The 2018 Winter Olympics are just around the corner. Starting with the opening ceremony on Feb. 9 to the closing ceremony on Feb. 25, the sporting world’s attention will turn to Pyeongchang, South Korea.
Pyeongchang is 80 miles outside of Seoul, the capital of South Korea. This city is best suited for Winter Olympics, not only because mountains cover more than 80 percent of the terrain, but also because it attracts winter enthusiasts with its pristine skiing conditions. The city’s largest resort, Alpensia Ski Resort is fully prepared to welcome the world.
Despite this, there seems to be a lack of interest in the Winter Olympics. This might be because the venues and countries participating are not as varied as the summer games. However, the Winter Olympics are awesome in their own right. Some of the countries involved are from tropical climates, which means that they had no access to the climate their sports are involved in — nations like these come from regions like Africa, Oceania, the Caribbean and Central and South America. Most of these countries don’t medal in their sports, but the fact that they reached the Olympic level and had the courage to participate against experienced opponents is commendable.
These sports are specific to the season, and so there are some popular sports that can only be done in the Winter Olympics, such as ski-jumping and snowboarding. Moreover, for the 2018 Pyeongchang Winter Olympics, the International Olympic Committee added some new events such as freestyle skiing, big air snowboarding, mass start speed skating and mixed double curling, making the games even more exciting.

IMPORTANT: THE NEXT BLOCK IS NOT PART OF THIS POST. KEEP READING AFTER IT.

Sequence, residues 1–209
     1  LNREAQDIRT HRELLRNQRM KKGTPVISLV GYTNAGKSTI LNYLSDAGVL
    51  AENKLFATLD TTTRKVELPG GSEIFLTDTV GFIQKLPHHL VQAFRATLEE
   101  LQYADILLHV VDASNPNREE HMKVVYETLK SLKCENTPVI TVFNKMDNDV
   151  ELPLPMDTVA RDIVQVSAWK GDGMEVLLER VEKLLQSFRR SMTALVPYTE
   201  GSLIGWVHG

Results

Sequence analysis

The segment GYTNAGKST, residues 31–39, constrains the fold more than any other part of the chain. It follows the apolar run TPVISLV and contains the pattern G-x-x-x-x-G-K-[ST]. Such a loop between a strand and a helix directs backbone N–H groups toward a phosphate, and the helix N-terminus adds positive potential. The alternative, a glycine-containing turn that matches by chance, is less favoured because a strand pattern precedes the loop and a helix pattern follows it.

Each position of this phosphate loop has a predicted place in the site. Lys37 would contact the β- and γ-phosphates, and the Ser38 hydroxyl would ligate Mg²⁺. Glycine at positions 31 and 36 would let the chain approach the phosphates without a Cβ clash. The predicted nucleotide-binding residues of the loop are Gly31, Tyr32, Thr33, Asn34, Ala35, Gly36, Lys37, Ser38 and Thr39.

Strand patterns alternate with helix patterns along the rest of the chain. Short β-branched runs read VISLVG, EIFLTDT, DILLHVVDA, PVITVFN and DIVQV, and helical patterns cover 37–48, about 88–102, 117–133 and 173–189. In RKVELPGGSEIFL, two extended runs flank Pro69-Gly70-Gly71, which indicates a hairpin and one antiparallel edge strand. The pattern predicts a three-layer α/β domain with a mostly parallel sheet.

Even if you are not a winter sports enthusiast, watching the skiers’ performances of aerial flipping and spinning or the figure skaters spinning three times in the air should make anyone feel joyful. Much of the Winter Olympics take place in the air: ski-jumping, slopestyle, aerials and figure skating jumps. The aerial acrobatics are some of the best parts of any Olympic Games because those are not scrupulous about detailed formality. Results are unpredictable, so every event is suspenseful until the end.
These sports are quite dangerous too, which adds some thrill to the whole event. According to the International Olympics Committee report, the athletes who competed in Winter Olympics have been injured more than any other athletes. If you have ever seen a photograph of an athlete who tumbled down the hill, you might have experienced pain just by watching. Nonetheless, people are still watch the games, whether it’s because of the thrill or because of the vicarious achievement.
Apart from danger, the Winter Olympics host artistic beauty and grace in events like figure skating. Danger and grace seem like oil and water, but it is an intriguing and entertaining mix. It’s interesting to see athletes defy the norm, like when ski-jumpers remain remarkably graceful as they land jumps on an ice chute at 80 miles per hour.
Besides the games themselves, the two-hour opening ceremony is sure to be enjoyable with a parade incorporating all 93 participating countries, an artistic program featuring an assortment of visual and musical performances unique to South Korea and, of course, the lighting of the Olympic torch. There will be virtual reality programming to enjoy; the NBC Sports VR app will feature over 50 hours of virtual reality. In short, the Winter Olympic Games are sure to offer excitement and joy in the next few weeks.